PM heading to Russia: Transport, natural gas, East Med on the agenda
Prime Minister Kyriakos Mitsotakis’ first trip to Russia on Wednesday will not, as many believe, be a mere PR exercise, government sources in Athens say.
The same sources believe that concrete results could be achieved, especially on so-called low-level foreign policy issues. They reflect Athens’ thinking that the upcoming visit adds to the government’s multidimensional foreign policy, as Russia is obviously one of the main global players, not least as a permanent UN Security Council member.
A significant part of the talks will inevitably concern the energy crisis. Russia is one of Greece’s main suppliers, as the latter imports 45.85% of its natural gas and 9.5% of crude oil from Russia.
Athens would like to sign a bilateral agreement that will have an immediate, beneficial impact on the price of natural gas. It remains to be seen whether Moscow responds positively and what it will demand in exchange.
It is already known, and was confirmed in the bilateral interministerial meeting in Moscow on November 29-30, that Russia is interested in Greece’s transport sector, such as trains and ports. Kathimerini understands that Russia is interested in train infrastructure projects. Deputy Transport Minister Michalis Papadopoulos is accompanying Mitsotakis on his trip.
Another issue of interest to Greece is strengthening cooperation in tourism. Increasing flights to and from Greece is a priority and Russia seems to be open to the idea. The issue has already been discussed in a recent teleconference of an interministerial commission headed by Alternate Foreign Minister Miltiadis Varvitsiotis.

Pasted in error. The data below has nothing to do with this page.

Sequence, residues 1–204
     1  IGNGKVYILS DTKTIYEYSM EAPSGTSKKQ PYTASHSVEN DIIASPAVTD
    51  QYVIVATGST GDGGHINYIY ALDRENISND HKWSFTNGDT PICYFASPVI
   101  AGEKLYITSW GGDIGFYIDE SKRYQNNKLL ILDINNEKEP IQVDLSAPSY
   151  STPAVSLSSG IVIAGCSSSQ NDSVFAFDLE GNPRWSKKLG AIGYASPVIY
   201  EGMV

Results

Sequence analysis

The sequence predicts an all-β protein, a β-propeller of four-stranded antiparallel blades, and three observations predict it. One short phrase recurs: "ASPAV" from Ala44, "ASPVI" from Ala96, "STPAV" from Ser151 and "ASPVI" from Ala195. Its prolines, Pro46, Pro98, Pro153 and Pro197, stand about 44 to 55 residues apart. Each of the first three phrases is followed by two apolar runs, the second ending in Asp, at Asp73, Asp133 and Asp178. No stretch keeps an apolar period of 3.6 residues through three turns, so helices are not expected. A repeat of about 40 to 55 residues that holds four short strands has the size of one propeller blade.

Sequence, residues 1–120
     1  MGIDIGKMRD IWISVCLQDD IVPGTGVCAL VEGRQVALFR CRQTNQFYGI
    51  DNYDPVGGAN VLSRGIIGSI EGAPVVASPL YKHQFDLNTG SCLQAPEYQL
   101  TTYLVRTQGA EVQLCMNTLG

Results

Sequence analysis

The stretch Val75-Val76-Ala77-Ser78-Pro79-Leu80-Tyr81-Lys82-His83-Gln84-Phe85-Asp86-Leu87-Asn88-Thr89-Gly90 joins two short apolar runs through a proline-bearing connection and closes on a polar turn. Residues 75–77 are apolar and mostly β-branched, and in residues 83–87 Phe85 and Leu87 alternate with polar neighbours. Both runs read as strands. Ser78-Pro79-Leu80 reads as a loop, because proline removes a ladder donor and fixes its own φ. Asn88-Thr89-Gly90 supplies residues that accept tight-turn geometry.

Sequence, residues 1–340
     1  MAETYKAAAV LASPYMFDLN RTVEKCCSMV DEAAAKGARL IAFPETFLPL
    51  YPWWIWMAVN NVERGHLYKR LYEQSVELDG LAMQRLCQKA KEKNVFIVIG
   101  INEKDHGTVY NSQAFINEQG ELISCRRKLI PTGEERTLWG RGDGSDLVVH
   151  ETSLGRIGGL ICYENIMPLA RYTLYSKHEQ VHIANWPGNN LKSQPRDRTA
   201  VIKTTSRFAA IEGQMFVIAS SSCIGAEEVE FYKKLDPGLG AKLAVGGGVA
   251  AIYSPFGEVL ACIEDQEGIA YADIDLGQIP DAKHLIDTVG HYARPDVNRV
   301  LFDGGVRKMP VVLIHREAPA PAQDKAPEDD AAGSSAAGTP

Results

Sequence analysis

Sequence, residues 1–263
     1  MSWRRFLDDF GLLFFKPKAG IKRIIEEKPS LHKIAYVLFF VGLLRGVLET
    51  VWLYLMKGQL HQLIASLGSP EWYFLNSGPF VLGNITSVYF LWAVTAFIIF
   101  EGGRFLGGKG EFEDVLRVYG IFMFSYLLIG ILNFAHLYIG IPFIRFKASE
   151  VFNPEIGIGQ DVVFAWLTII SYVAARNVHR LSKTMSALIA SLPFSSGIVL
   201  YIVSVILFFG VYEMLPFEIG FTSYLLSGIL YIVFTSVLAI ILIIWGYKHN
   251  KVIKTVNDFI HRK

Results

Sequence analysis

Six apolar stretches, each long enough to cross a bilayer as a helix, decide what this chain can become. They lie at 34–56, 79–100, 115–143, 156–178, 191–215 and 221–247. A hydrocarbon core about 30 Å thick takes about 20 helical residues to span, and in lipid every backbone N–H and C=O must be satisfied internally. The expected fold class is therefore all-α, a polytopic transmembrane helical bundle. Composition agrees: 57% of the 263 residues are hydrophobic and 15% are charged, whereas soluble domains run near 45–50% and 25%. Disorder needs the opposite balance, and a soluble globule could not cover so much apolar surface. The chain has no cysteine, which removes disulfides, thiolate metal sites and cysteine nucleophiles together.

Other issues include cooperation with Moscow Technical University and cultural exchanges; 2021 is the Year of Russia in Greece, coinciding with the 200th anniversary of the start of the Greek War of Independence. Greece is also expected to ask for the return of the archives of the Jewish community of Thessaloniki. It is further expected that, following the leadership meeting, there will be conferences between Greek and Russian regions on cooperation opportunities.
According to government sources, besides the goal of low-level policy agreements, a crucial goal of the visit is to warm up bilateral relations, despite differences in important policies, as there have been ties between the two cultures for more than a millennium.
Athens responds to Moscow’s annoyance over the expanded footprint of the US by saying that Greek-US military agreements do not target Russia.
The agenda is certain to include the situation in the Eastern Mediterranean, on which the Russians are fully briefed, and Turkish aggression. A positive for Greece is that Russia has constantly upheld the international law of the sea and Greece’s right to extend its territorial waters to 12 nautical miles.